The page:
Via the AFR:
Westpac chief economist Bill Evans has warned the Morrison government to resist any temptation to cut immigration in response to a spike in the jobless rate.
…Mr Evans said Australia had responded to high unemployment in the early 1990s by slashing immigration and there was a danger in pursuing a similar strategy in the wake of the COVID-19 crisis.
…“We get productivity growth with better targeted taxes and less regulation and we get strong population growth with immigration,” he said.
Alas, Bill, we must disagree. This is one of the few times you have talked Westpac’s book. Immigration boosts house prices but does precious little else.
Yes, immigration gives you some growth. But it is neither smart nor fair growth. And it actually destroys the productivity you will get from your tax reforms as it crush-loads the life out of cities.
This is very straightforward. If you’re always trying to catch up to your own infrastructure deficit then you’re only ever oscillating between -1 and 0 for its contribution to productivity.
This leads to the second problem. Without productivity growth, income growth stalls and, what there is of it, automatically shifts to capital because immigration creates its own excess labour supply with an output gap that never shrinks.
This is NOT an economic theory. It is a FACT, based upon the empirical study conducted by Australia over the past fifteen years.
Even before COVID-19, the OCED was forecasting a yawning Australian output gap into 2021 as immigration outpaced productive capacity. It has trended that way ever since the GFC as we ran immigration too fast (with a brief hiatus during the 2015/17 housing boomlet):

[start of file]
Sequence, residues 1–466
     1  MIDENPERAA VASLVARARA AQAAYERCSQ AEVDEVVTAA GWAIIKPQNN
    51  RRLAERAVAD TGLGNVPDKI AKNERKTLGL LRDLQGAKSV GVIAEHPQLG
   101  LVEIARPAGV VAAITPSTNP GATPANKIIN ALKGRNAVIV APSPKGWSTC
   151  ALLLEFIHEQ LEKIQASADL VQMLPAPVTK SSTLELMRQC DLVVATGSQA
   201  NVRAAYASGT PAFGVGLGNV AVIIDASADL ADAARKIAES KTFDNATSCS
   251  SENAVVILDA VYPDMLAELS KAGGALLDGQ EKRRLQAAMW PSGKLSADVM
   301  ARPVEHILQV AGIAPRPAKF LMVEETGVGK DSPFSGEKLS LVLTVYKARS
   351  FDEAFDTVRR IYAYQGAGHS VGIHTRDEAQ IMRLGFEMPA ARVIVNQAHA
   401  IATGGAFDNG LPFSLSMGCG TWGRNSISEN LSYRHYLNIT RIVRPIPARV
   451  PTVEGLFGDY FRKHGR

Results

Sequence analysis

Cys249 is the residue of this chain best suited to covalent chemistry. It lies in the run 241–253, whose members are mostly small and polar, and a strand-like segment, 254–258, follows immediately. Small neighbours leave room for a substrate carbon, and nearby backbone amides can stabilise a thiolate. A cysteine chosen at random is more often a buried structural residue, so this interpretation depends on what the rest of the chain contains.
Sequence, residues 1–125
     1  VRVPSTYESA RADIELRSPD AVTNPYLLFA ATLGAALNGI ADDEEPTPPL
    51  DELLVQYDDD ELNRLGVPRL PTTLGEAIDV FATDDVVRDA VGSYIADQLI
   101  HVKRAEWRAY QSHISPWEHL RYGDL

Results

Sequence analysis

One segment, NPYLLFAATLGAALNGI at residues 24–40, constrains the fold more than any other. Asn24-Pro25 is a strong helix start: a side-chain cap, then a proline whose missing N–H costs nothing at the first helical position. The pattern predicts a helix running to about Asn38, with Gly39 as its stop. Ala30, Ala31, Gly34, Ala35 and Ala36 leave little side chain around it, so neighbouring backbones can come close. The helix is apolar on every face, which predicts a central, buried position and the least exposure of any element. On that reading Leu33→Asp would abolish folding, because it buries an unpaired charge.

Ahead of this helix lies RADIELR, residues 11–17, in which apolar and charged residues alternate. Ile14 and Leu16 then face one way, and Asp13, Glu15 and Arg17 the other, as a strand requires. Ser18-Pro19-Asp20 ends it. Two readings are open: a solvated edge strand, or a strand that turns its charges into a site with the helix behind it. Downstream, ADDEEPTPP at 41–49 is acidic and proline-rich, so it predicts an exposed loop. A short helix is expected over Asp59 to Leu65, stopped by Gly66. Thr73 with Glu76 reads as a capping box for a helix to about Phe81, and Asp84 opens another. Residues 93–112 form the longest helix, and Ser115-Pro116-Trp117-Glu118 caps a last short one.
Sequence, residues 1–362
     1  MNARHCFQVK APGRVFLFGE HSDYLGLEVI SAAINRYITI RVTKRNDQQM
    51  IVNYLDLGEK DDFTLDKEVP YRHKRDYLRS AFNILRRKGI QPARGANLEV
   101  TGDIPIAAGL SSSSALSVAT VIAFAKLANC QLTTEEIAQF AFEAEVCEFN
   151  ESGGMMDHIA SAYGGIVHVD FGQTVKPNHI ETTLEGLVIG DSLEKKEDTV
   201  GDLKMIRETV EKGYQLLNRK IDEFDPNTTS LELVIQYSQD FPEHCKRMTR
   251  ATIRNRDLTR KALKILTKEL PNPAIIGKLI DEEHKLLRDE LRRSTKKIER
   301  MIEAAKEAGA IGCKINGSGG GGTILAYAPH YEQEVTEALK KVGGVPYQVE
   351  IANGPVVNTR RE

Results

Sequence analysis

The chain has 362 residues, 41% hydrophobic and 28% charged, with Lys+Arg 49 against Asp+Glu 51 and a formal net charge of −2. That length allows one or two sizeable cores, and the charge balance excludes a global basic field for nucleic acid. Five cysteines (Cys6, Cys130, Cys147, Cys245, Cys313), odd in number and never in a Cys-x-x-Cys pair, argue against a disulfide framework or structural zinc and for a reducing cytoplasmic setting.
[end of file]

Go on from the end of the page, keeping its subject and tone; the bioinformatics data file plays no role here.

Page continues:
Wages trended down accordingly. Indeed, when we overlay the output gap with wages and the immigration rate they match up perfectly:
The conclusion is obvious. If you run mass immigration into a slack economy then the result is certain: an ever-yawning output gap and crushed wages.
If, however, you cut immigration, as we did after the 1990 recession to below 1% for a few years, then the output gap closes and wages can recover. The growth that would have resulted from immigration is not lost, it simply shifts to other macro mechanisms. The Australian dollar will be lower and tradeables output higher.
We need to add the likelihood that in the period ahead, as China slows, the Australian terms of trade will keep falling so income will be scarce as it is.
We do not want a recovery that shifts this diminishing income entirely to capital. It will gut the Aussie middle classes US-style and lead directly to demand deficit and secular stagnation.
We need a productivity-based recovery that shares the gains. Not a population-based one that destroys what remains of Australiana.